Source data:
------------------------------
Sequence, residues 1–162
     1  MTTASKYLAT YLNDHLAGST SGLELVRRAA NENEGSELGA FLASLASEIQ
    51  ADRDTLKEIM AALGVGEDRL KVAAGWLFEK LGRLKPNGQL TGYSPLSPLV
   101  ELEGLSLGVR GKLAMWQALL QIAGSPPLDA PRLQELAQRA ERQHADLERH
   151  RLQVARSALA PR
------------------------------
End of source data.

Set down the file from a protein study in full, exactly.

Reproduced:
Sequence, residues 1–162
     1  MTTASKYLAT YLNDHLAGST SGLELVRRAA NENEGSELGA FLASLASEIQ
    51  ADRDTLKEIM AALGVGEDRL KVAAGWLFEK LGRLKPNGQL TGYSPLSPLV
   101  ELEGLSLGVR GKLAMWQALL QIAGSPPLDA PRLQELAQRA ERQHADLERH
   151  RLQVARSALA PR